The FDA Voices Serious Concerns About Experimental ALS Treatment

The Food and Drug Administration (FDA) has expressed grave reservations about an investigational amyotrophic lateral sclerosis (ALS) treatment called debamestrocel — also known as MSC-NTF or NurOwn — developed by BrainStorm Cell Therapeutics. With an advisory committee meeting scheduled for this week, the FDA has deemed the drug’s application as scientifically incomplete and lacking evidence of effectiveness, as well as suffering from manufacturing deficiencies. This article explores the concerns raised by FDA reviewers and the implications for BrainStorm’s experimental treatment.

Upon receiving the application for approval, the FDA identified several significant shortcomings in the submission. According to briefing documents prepared for the advisory committee meeting, the application lacked substantial evidence of effectiveness and had grossly deficient manufacturing information. In particular, there were issues with missing or incomplete validation of methods and a lack of data demonstrating manufacturing consistency. Consequently, the FDA refused to file the submission and conveyed these deficiencies to BrainStorm in a letter.

In response to the FDA’s concerns, BrainStorm provided additional retrospective analyses and biomarker results. The company performed additional testing and analysis to address the deficiencies pointed out by the FDA. During the advisory committee meeting, the FDA’s Cellular, Tissue, and Gene Therapy Advisory Committee will scrutinize BrainStorm’s data to determine if it meets the agency’s standard of substantial evidence of effectiveness for approval.

MSC-NTF is an autologous cell-based therapy designed to secrete neurotrophic factors (NTFs) that are crucial for nerve survival and function. However, the FDA maintains that the mechanism of action for the drug is unclear. BrainStorm hypothesizes that by secreting NTFs, their therapy could potentially slow down the progression of ALS in patients. The treatment process involves extracting cells from the patient’s bone marrow through aspiration, followed by repeated intrathecal administration.

The MSC-NTF clinical development program consisted of four studies. The first two studies were single-arm, open-label, early-phase studies. The phase II trial involved ALS patients receiving a single intrathecal injection and 24 intramuscular injections. Finally, the phase III study was a randomized, double-blind, placebo-controlled study where patients received three intrathecal injections, one every eight weeks.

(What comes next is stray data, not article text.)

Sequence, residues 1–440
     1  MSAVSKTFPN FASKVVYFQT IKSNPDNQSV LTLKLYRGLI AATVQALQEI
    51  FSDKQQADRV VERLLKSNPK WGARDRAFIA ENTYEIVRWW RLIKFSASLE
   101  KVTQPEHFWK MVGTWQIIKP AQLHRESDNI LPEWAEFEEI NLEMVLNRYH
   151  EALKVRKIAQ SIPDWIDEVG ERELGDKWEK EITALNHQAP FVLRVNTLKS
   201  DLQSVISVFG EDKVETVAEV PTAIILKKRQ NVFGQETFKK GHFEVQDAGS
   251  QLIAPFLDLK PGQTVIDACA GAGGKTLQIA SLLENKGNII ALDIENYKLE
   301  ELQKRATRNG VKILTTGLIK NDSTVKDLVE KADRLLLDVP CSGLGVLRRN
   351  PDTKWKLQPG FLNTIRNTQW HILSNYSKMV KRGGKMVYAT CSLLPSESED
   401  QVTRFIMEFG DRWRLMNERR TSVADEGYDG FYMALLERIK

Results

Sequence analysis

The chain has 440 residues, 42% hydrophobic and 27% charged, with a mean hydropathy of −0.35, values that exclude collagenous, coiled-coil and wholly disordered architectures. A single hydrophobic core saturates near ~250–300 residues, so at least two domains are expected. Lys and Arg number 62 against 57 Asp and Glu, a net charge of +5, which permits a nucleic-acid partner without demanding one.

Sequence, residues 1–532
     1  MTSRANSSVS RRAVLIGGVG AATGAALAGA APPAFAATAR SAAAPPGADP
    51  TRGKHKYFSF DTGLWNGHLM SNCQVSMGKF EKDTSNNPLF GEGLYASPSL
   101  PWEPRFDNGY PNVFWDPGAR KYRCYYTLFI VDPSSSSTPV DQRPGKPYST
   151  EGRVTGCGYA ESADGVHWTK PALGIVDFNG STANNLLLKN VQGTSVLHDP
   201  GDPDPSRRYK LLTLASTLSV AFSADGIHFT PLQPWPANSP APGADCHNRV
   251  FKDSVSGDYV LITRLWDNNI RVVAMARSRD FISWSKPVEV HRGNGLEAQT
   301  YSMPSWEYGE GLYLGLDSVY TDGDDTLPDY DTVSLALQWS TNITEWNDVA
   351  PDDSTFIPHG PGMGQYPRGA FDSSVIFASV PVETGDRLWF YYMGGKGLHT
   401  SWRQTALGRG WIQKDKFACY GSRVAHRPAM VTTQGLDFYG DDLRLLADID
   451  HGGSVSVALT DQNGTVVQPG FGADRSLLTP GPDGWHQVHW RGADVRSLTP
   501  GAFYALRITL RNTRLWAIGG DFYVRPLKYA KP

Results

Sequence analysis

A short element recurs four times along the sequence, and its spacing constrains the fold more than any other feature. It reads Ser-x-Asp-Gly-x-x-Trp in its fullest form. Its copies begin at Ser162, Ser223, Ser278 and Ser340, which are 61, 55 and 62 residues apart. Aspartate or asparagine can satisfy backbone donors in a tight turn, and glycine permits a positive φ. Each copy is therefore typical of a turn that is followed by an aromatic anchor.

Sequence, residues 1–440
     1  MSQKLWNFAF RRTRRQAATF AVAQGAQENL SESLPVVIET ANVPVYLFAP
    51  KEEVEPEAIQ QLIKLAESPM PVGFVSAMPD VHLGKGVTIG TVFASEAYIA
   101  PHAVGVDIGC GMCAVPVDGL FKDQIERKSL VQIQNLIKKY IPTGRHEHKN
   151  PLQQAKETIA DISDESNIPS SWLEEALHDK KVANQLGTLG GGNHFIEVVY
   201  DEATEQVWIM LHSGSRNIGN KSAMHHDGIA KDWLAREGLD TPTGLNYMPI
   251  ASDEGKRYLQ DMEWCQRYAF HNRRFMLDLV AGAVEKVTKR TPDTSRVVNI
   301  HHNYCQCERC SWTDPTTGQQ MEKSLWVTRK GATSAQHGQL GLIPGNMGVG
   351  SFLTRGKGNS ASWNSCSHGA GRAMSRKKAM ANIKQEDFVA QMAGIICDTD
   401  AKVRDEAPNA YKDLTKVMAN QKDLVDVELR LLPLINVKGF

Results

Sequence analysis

The pivotal phase III trial, which was the only one to evaluate MSC-NTF using its intended route and dose interval, did not achieve its primary endpoint. The FDA noted that only 33% of patients in the MSC-NTF group and 28% in the placebo group met clinical response criteria at 28 weeks. The survival rate was also worse for the MSC-NTF group, with 10 deaths compared to three deaths in the placebo group. Although some biomarker data suggested potential benefit, there was a significant amount of missing data for all biomarkers at the designated time point for analysis.

Despite the inconsistent results, BrainStorm maintained in its pre-meeting briefing documents that the evidence showed NurOwn had a consistent and clinically meaningful treatment effect across a wide range of ALS patients. They also pointed to significant results across multiple biomarkers. However, the ALS Association, which generally supports new ALS treatments, expressed skepticism. The association stated that the testimonials they had seen online did not align with the data shared by BrainStorm or published in peer-reviewed publications. The organization emphasized the need for an independent review before taking a position on the approval of NurOwn.

On Wednesday, BrainStorm will present its case before a panel of FDA advisors, who will spend the day reviewing the clinical, statistical, and biomarker data related to MSC-NTF. If the advisory committee determines that the data does not provide sufficient evidence of effectiveness, they will discuss potential trial designs that could address these concerns. It’s important to note that the advisory committee meeting will solely focus on clinical data and not on the product’s manufacturing and control processes, as those issues have yet to be resolved. The FDA will only issue a final determination on MSC-NTF after considering input from the advisory committee process and completing all necessary reviews.

The FDA’s serious concerns about BrainStorm Cell Therapeutics’ investigational ALS treatment, MSC-NTF, highlight significant deficiencies in the drug’s application for approval. The lack of substantial evidence of effectiveness and manufacturing deficiencies identified by FDA reviewers raise doubts about the treatment’s safety and efficacy. BrainStorm’s response and subsequent additional analyses will be evaluated by the FDA advisory committee to determine if the data meets the necessary standards for approval. The outcome of the advisory committee’s review will have far-reaching implications for the future of MSC-NTF and its potential as a therapy for ALS.


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